Little Rock artist Tiffany Lee released her debut EP “Jailbird” in late 2016. Its five songs are soulful pop highlighted by striking vocals. The skeletal arrangements are meticulous and allow Lee’s commanding voice to move forward. “Jailbird” is easily one of the most self-assured debut recordings I’ve heard from an Arkansas songwriter.
Tiffany Lee is playing her first Fayetteville show on Saturday at Stage Eighteen with Luray and Thunder Comfort. I’m certain it will be her first of many. I talked with Tiffany about her music and here it goes…
Who: Luray / Tiffany Lee / Thunder Comfort
When: 9 p.m. Saturday, Aug. 12
Where: Stage Eighteen, 18 E Center St, Fayetteville
Cost: $7 in advance / $10 at the door
Info: All-ages show
You started writing and performing at a young age. What was the first song that you loved to sing?
I began exercising my vocal talent within my church at 11 years old and grew to love music more and more over the years. the first song I ever wrote is called “Release.” I wrote it from a place of compassion for those in abusive relationships that continue to stay in them. I was 14 when I wrote it. I had always enjoyed singing and playing piano and I couldn’t help but write little pieces of music. “Release” was the first song I had completed with lyrics.
Your “Jailbird” EP is an incredible debut. How did that collection of songs come to life? What’s your favorite song from the record to perform?
They are an accumulation of songs over a few years, based on different experiences of mine. “Jailbird” is about getting freedom from fear within a relationship, in order to have a healthy relationship. “Flattery” is about a guy I knew who seemed like a player, and after watching the many girls he was with, I was not wanting to be one of them. “The Kind” speaks for itself, I believe. “I Don’t Feel It” is about recognizing that love is not a feeling, but a choice. Finally, “Speak” is about a dark season I went through in losing my passion for music after finding so much identity in it. I came out of that season really understanding a greater purpose outside of music, using music.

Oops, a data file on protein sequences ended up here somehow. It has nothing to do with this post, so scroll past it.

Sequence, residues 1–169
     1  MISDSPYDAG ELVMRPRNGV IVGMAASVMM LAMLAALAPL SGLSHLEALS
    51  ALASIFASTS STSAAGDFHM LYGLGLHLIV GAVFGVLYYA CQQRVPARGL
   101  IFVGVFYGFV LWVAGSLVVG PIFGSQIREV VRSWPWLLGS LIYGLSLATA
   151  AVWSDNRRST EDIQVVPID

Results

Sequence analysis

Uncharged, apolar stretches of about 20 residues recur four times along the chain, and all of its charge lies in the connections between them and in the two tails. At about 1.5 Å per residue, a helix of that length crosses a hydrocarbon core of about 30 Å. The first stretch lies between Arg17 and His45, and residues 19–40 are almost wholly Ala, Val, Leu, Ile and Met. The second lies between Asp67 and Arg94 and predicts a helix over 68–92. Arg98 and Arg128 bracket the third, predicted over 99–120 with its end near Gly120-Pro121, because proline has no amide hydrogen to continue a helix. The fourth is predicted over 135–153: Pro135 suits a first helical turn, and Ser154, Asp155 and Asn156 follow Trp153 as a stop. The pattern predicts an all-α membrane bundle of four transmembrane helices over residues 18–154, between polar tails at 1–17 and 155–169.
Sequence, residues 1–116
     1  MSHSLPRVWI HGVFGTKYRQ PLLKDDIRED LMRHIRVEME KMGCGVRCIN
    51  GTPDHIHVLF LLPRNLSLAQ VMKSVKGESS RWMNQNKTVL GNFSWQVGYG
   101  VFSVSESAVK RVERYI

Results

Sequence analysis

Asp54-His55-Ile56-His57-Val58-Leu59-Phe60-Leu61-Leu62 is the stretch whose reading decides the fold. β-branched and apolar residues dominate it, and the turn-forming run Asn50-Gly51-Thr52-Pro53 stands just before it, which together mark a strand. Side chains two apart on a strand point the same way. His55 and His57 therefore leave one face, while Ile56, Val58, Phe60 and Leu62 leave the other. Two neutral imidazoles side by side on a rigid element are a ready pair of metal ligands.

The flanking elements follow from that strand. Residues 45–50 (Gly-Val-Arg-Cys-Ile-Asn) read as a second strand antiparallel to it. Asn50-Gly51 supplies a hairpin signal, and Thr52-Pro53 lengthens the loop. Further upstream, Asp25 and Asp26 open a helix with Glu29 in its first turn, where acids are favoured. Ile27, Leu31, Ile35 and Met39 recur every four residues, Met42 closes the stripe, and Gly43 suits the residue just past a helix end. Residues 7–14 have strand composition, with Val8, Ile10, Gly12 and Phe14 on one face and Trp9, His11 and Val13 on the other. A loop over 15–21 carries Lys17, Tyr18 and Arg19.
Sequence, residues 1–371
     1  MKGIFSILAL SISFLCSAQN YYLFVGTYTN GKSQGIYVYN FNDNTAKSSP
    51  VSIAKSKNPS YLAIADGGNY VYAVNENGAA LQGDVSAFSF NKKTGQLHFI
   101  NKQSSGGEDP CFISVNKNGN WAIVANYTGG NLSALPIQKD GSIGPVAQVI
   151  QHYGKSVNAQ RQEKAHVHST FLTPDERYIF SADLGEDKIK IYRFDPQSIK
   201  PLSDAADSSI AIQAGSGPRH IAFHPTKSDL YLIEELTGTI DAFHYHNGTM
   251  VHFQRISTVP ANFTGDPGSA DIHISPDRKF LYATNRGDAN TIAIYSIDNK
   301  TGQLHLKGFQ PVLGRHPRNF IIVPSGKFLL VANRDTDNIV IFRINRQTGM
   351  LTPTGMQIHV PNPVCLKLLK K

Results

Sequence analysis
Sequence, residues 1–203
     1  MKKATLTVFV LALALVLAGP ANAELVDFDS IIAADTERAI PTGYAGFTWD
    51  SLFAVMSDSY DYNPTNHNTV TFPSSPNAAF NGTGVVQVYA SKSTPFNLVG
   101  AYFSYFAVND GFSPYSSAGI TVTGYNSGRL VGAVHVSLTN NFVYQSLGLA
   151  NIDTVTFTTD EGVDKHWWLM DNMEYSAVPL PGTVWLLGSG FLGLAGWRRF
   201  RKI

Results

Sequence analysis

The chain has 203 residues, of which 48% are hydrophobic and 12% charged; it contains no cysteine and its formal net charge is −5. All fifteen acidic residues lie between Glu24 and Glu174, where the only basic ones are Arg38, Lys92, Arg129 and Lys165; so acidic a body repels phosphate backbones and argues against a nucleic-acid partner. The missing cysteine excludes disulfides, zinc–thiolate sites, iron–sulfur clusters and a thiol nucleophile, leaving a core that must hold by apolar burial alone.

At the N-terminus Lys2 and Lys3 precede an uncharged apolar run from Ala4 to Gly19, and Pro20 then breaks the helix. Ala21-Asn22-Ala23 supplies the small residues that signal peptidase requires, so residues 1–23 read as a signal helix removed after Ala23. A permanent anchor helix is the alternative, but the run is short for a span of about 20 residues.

I recorded with some of my talented friends in their home studio. We worked together to build the body of the songs, since I only came with the bare bones. They helped me draw out the sounds and feelings within and truly prioritized my vision for the EP. I learned that I had more to offer than I originally thought.
My favorite to perform is “Flattery.”
Are there non-musical influences that affect your music and writing?
Honestly the biggest influences on my music are experiences and people in my life. I find words and melodies to match the feeling they bring me. My approach to songwriting is figuring out what a feeling sounds like; it is also the most difficult part.
What have you been writing about lately? Is there a new record coming up?
There is an EP I am currently writing and I hope to begin recording this fall. I’ve been writing about letting go of unhealthy things and people in my life and being very honest about how those experiences have affected me. I’ve also been writing a lot about finding hope and freedom out of things that have formerly been destructive, and growing from them.
Who is your favorite current singer? How do you connect to their music?
It’s incredibly difficult to answer that, but I will say that a couple artists that have inspired me recently are Lianne La Havas and the vocalist from Hiatus Kaiyote, Nai Palm. The soul and creativity of these two have pushed me to think outside the box and to remember to value the feeling a song brings over the technicality of it.
Arkansas has a lot of under-the-radar talent. Are there any local artists that inspire you to keep working?
Some of my friends just released a debut self-titled album, “Ilustrada“, and I am so proud of them. It is incredible music, and their EP release show was stellar.
You’re playing at Stage Eighteen on Aug. 12. Is this your first show here? What do you like to do in Fayetteville?
This will be my first NWA show and I’m honored and excited to be invited! I enjoy the easy-going things in Fayetteville like good coffee, food, local vintage shopping and I always stop by the Dickson Street Bookshop.